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Fasano: Absentee Ballots Could Open Legal Challenges To Connecticut Primary

Matt Rourke

Connecticut Senate Minority Leader Len Fasano questions the way the state handled absentee ballots for Tuesday’s primary election. He said the losers probably have grounds to file lawsuits.

Local election officials in a number of Connecticut towns are still counting absentee ballots days after the state’s primary. Fasano called this an “unmitigated disaster.” He said some losing candidates are likely to sue.

“I gotta believe anybody who loses an election and really wants it badly and their loss is predicated upon absentee votes," Fasano said. "In other words, with the machine vote, they are up one or up two. And you add the absentee and you lose. I guarantee there will be a lawsuit on that.”

Democratic Governor Ned Lamont said he wants absentee ballots counted on Election Day in November.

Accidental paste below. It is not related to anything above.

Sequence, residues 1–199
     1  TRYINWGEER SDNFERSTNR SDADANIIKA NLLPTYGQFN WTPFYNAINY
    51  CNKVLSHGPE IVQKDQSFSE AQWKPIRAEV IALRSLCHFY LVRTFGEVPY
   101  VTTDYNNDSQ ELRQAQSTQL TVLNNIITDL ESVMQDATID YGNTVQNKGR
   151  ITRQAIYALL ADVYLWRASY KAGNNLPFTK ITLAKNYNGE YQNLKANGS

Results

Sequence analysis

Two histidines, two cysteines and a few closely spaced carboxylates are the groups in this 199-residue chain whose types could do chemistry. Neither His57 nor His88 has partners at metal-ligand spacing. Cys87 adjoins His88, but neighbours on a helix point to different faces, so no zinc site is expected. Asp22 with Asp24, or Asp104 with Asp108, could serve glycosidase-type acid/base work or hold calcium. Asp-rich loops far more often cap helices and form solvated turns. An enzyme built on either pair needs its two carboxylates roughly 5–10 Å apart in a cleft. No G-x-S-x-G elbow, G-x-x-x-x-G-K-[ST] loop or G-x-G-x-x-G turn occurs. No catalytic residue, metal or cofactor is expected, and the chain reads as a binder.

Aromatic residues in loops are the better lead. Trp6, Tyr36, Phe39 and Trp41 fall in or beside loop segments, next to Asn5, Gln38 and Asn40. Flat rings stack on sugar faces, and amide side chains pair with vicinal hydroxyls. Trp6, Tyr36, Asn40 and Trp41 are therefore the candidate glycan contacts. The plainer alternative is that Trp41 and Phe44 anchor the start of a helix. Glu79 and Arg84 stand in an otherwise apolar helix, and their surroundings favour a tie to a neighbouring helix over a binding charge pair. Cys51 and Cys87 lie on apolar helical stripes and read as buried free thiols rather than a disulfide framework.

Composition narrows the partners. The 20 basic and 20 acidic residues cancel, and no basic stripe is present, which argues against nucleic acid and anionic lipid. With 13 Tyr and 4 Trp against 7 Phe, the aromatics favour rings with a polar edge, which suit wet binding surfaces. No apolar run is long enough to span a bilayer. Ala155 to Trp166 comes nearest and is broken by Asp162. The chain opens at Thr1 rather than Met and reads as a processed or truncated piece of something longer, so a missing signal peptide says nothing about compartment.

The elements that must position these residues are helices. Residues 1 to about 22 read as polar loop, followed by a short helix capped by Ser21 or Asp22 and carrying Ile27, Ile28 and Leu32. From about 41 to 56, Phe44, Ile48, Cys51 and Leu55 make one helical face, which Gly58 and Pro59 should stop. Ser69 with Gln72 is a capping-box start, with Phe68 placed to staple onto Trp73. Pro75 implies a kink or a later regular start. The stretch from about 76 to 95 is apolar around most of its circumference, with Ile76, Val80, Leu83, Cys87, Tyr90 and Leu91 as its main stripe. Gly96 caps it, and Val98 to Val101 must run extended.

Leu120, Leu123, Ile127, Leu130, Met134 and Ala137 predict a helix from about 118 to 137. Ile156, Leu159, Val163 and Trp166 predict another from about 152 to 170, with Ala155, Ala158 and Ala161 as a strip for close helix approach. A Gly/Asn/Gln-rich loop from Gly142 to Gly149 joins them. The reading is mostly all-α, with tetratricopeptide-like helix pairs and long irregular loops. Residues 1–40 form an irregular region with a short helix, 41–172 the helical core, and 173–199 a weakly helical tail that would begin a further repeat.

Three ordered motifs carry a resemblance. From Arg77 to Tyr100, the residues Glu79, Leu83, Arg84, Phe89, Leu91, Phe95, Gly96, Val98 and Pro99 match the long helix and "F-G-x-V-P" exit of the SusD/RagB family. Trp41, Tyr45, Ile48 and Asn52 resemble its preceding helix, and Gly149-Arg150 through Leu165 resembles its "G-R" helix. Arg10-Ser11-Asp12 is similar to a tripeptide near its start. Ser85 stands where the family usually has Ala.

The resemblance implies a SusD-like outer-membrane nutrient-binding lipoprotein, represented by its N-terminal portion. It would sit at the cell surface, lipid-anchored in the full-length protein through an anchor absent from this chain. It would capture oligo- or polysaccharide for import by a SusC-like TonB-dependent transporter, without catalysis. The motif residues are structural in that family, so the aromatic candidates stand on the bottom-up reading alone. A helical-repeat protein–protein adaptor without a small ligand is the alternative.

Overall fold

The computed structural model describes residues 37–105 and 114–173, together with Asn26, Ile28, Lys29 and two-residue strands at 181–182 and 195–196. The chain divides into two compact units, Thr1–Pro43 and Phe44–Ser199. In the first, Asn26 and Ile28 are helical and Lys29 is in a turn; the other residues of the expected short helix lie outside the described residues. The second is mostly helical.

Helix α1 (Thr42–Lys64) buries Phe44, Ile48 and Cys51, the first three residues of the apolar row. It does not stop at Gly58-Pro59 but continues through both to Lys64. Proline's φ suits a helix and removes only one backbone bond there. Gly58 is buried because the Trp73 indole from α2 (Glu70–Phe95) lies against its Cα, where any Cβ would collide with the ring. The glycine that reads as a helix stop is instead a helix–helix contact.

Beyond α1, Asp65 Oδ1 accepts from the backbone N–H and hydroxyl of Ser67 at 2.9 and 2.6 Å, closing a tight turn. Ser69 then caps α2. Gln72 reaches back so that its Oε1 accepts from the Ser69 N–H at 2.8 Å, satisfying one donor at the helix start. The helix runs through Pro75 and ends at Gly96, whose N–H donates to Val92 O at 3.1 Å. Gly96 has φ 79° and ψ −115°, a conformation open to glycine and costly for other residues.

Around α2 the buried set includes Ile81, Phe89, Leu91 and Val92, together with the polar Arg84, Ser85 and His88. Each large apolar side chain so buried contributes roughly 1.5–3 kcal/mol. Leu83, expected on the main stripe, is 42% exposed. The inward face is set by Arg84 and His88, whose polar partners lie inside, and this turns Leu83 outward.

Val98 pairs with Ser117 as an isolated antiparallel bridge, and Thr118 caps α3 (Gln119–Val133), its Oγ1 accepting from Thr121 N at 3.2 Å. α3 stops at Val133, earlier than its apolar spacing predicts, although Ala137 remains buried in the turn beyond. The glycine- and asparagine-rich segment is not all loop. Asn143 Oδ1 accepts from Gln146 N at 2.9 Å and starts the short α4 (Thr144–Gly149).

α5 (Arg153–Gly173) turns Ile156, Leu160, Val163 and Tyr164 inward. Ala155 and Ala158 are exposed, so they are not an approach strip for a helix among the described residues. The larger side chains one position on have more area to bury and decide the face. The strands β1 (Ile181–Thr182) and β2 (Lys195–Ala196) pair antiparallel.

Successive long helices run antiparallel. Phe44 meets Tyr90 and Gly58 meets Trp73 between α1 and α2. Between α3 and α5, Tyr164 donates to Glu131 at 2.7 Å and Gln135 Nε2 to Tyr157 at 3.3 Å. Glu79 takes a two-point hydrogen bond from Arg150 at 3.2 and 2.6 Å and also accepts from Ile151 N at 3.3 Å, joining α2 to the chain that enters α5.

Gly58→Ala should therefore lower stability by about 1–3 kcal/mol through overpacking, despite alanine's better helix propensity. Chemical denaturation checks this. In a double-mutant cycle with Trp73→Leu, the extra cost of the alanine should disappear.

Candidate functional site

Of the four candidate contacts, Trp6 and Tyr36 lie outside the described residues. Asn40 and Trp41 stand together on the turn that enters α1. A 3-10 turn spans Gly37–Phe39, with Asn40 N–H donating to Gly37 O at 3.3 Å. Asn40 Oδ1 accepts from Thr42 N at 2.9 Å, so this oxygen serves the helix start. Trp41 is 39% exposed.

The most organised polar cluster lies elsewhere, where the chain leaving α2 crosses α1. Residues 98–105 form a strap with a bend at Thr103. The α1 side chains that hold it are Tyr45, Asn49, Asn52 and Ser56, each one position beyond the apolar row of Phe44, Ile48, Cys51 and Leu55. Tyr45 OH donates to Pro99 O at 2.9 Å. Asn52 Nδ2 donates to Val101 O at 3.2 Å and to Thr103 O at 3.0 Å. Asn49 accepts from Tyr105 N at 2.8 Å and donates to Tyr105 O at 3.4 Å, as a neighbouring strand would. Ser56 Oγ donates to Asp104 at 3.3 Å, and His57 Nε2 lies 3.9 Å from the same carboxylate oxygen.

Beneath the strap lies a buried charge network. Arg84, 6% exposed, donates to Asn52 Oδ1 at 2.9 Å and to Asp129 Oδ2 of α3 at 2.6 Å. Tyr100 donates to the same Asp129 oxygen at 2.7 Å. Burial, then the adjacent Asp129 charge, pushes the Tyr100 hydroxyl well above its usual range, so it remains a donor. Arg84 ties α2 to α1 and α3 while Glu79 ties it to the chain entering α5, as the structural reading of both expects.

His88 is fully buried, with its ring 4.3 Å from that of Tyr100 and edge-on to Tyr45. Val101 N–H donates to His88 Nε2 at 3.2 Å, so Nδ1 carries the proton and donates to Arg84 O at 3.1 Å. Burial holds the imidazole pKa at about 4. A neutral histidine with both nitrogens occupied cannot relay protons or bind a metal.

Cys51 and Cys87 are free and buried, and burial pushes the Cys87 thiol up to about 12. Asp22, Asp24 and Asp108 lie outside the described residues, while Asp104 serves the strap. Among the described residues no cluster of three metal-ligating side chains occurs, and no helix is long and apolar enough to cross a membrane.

“I gotta get those absentee ballot applications out earlier, I gotta get the ballots out to people earlier and give them more time to get it in, so there’s no delay and we can count all the ballots on election night," Lamont said. "I don’t want any excuse for not being able to count the ballots on election night in November.”

Fasano said that would be an impossible task with the current manual verification system for absentee ballots. And the state has not considered an automated system for the November election.

As WSHU Public Radio’s award-winning senior political reporter, Ebong Udoma draws on his extensive tenure to delve deep into state politics during a major election year.
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